Vietnam is a big country, bigger than most people assume when they take their first glance and simply see how thin it is. That means, if you want to go from Ho Chi Minh to Hanoi, you’ll have a lot of ground to cover in between. Plus the highway system might not be what you’re used to, so even if you think it doesn’t look far, it is.
You’ll most likely be tempted to travel by plane but the most sustainable option is by train or bus. Both are readily available and a lot of the buses even have lie down beds instead of seats. Bring a book, plenty of snacks, and get ready for some rest while doing the planet some good.
You’ll quickly see from your first to-go meal or your first trip to the market that very fewplaces throughout the country provide sustainable packaging or bags. Unfortunately, all of those single-use items will be spotted in rivers, on road sides, and washed up on some beaches.
Although sometimes hard to remember, make a reminder that every time you leave your apartment or hotel that when you grab your phone and keys, you also grab a bag, reusable container, and reusable cup. Trust me, you never know when you’ll order too much food that you’ll want for later, crave a cà phê sữa đá (Vietnamese iced coffee), or need to pop into the shop for a few supplies.
Even though you’ll have your supply of bags, containers, and cups with you, find the locally owned eco-friendly businesses in the town or city you’re staying in. Supporting these businesses will help them thrive, grow, and hopefully set a great example for others in the community.
In each big city, you’ll find a handful of shops selling environmentally-friendly, sustainable products. Many of the products are made locally as well, so you’ll be supporting not just the shop itself but a longer chain of beneficiaries.
Plus, it’s more expensive for restaurants and shops to use more sustainable packing. They’ve made these choices either because they’re trying to lessen their environmental impact or because they’re hoping to attract clientele who are. Either way, by supporting these businesses, we’re rewarding them for making smarter choices and hopefully ensuring they won’t revert to more affordable single-use options.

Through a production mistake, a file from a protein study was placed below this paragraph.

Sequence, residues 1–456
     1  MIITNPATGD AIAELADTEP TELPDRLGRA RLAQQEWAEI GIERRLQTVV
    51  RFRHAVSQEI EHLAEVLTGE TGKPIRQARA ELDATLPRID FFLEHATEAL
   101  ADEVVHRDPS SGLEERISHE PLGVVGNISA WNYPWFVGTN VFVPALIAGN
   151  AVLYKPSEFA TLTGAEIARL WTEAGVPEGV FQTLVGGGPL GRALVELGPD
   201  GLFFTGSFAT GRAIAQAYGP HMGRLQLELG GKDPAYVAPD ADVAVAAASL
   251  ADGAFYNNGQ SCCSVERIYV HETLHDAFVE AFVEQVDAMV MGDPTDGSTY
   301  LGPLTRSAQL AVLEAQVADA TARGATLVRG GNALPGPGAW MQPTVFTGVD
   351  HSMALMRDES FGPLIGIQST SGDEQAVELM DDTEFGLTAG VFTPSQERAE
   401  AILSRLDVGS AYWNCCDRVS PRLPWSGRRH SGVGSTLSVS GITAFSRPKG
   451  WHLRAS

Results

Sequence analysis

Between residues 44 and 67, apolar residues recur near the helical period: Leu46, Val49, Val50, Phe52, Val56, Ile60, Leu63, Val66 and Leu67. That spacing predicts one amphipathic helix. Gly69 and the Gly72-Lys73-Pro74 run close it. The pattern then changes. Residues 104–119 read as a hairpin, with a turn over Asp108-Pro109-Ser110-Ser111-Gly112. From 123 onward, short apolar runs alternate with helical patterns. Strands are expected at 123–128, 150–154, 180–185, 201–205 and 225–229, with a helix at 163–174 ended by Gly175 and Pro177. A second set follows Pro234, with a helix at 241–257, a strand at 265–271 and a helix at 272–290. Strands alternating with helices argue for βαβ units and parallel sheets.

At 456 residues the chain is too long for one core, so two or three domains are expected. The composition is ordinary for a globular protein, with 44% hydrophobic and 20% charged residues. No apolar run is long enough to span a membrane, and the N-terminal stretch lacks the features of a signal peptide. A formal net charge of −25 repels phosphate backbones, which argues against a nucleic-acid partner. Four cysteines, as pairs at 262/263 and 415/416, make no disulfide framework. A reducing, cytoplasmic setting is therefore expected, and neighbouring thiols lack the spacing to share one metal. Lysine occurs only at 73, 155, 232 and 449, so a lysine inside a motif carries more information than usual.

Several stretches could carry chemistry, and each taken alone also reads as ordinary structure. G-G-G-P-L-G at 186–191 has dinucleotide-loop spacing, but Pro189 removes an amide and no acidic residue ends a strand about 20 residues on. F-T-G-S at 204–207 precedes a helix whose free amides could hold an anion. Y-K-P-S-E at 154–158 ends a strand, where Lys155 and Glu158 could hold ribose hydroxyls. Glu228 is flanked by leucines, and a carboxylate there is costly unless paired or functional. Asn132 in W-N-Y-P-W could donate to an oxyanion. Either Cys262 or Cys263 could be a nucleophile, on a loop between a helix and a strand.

When the time comes for you to make your own meal, or even just pick up some snacks to get you going throughout the day, opt to shop at the local market rather than more user-friendly mega supermarkets.
Much of the produce and meat sold at the markets is harvested, killed, or fished nearby so not only are you helping to support a local family and give back to the community that’s welcomed you, but you’re also supporting a much shorter food chain and one that didn’t require boats, planes, or transfer trucks to get to your doorstep.
Luckily, the markets in Vietnam are fantastic. They’re a bit hectic if you’ve never shopped at a wet market before but have some confidence and find a friendly vendor with great looking goods. Knowing at least the numbers in Vietnamese will greatly help you with this. You’ll be wowed by the variety of fruits and vegetables available at such a low cost, and if you stick around long enough for the seasons to change, you’ll be rewarded with a whole new variety. Just be sure to bring your reusable market bags with you!
Vietnam is an incredible country that I truly love. Although the country as a whole has a long way to go to become a sustainable powerhouse, the local communities in general are doing their best to educate themselves and make better choices.
Change is slow, we all know this. By supporting those that are pushing for a bighter, healthier future and showing others that it’s not so hard to bring out a spare container or bag with you, we’ll hopefully have a chain effect of others joining in.
With the ladies at the market who all passed by bags around, having never seen reusable market bags before, and the Vietnamese companies working with unique non-plastic straws like wild grass straws and those made from rice and pasta.
Just be sure on your next trip to Vietnam, you’re on the side of the solution, not the problem.
About the Author
Kat Smith, the founder of A Way Abroad, has been living around the world since 2013. She recently spent 3 years living in various parts of Vietnam. Although she’s currently working remotely from Montenegro, who knows where she’ll end up next.